When Trials of the Blood Dragon was announced, I was more than a little skeptical. While familiar with the origin of the Blood Dragon plot, introduced back in 2013 as an add-on to Far Cry 3, there was something about bringing the Blood Dragon IP to the Trials series that left me with a feeling of concern. I felt as if the combination of the two (if not done properly) might somehow dampen them both – something I didn’t want to see for either. After the first “mission”, it was clear to me that Ubisoft put in the time to give Trials of the Blood Dragon all the attention it deserves.
Cybercommando Boot Camp
To know where we’re going, we need to know from where we’ve come. For the uninitiated, Blood Dragon was a standalone add-on for Far Cry 3, introducing the Cybercommando Sergeant Rex “Power” Colt. Rex is the stereotypical soldier who doesn’t much care for details. Go to A, kick ass, accomplish B. The expansion has us stop a rogue agent from sending a war-ravaged Earth back to the Prehistoric age. Back to the Prehistoric with bombs, of course. The cover art even screams “classic 80’s dystopian movie”. Oh, and there are BLOOD DRAGONS. If you can imagine Godzilla supercharged with grape Fanta, you’ve got the right idea.
Become the Best of the Best… of the Best
The first level opens to a young individual tearing through a military base set in a dense forest. Rex Colt, the hero of the original Blood Dragon story, provides narration, describing how the Communist Empire of Vietnam has begun using Blood Dragon tech. He also makes a point to note that he doesn’t understand how it works, he just came to “shoot people in the face”. Spoken like a true Cybercommando. Finally, he introduces the protagonists of our new plot. We now take the role of Rex’s children, Slayter and Roxanne. They’re a new class of Cybercommando, and they’re stopping the Commies once and for all.
And that pretty much sets the tone for the entire game. Bright colors, upbeat 80’s music, over-the-top action sequences, cheesy dialogue, and an unbelievable plot run rampant. There’s also a few major developments to the overarching Blood Dragon story that I won’t spoil here.
It’s a fun reprieve from the space epics, world championships, and gritty combat games. Trials of the Blood Dragon doesn’t take itself seriously, and that’s its strongest trait.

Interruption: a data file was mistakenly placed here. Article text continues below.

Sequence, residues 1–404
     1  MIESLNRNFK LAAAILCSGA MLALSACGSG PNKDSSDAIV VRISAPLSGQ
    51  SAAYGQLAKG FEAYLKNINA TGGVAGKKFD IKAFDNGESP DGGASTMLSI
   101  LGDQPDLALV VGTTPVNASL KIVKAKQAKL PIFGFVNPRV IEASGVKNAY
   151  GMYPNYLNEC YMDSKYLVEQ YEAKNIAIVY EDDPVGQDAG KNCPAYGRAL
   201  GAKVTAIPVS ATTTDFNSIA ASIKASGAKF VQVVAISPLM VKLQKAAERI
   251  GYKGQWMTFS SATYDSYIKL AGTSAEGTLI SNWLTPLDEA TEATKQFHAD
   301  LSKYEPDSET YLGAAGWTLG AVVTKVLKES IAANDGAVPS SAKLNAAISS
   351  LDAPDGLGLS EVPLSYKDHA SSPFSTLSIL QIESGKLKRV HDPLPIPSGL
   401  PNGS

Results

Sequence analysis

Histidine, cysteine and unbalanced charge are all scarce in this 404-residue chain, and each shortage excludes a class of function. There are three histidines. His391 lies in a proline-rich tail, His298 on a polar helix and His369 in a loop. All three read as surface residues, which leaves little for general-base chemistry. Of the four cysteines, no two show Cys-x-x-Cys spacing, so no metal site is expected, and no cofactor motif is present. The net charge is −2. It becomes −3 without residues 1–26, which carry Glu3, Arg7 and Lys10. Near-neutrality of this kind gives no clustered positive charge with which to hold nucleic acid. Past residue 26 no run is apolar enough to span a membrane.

So This Is a Trials Game, Right?
Perspective is important when considering the gameplay elements.
If you’re expecting another deep, customizable, intensely challenging Trials game, you’ll be left feeling shorthanded. I was disappointed to find that there are no customizable tracks this time around, and no additional tracks outside of the story missions. However, this doesn’t detract from the quality or quantity of the missions we’re given. Coming in at 28 unique missions (tracks), there is certainly plenty of content to keep busy, particularly for the completionist crowd aiming for that “A+” in every mission. Yep, that’s an achievement.
What Trials of the Blood Dragon delivers is a unique take on the Trials series. Unmounted sections are introduced, allowing the player to platform and gun your way through enemy soldiers, laser grids, and aliens. This took me by surprise, and while the platforming doesn’t feel quite as smooth as it could, it definitely provides a unique and (later on) refreshing break from motor bikes.
Another small addition to the gameplay introduces the Micro Flip, a small RC car that can drive right side up and right side down. If this sounds familiar, it’s because Tyco released the Rebound in 1996. Our little Micro Flip is the direct reflection of a generation’s childhood, and now it’s infiltrating Communist military facilities. No big deal.
No Fate but What We Make
So what’s the verdict? The atmosphere is awesome. Enjoying a self-aware throwback to the theme of Cybercommandos, Communists, and dragons for the affordable price of $15 USD seems like a no-brainer to me. Trials of the Blood Dragon is a welcome addition to my library.
While some story elements reference the first game, Trials of the Blood Dragon does a sufficient job of introducing the key points from the original, providing a cohesive story all neatly packaged in a Trials game. The gameplay is solid, but not too terribly challenging (unless you’re going for that perfect score). It’s surprising, hardcore, ridiculous, and completely fun. If you’re looking for that “little something” different in a game, search no more.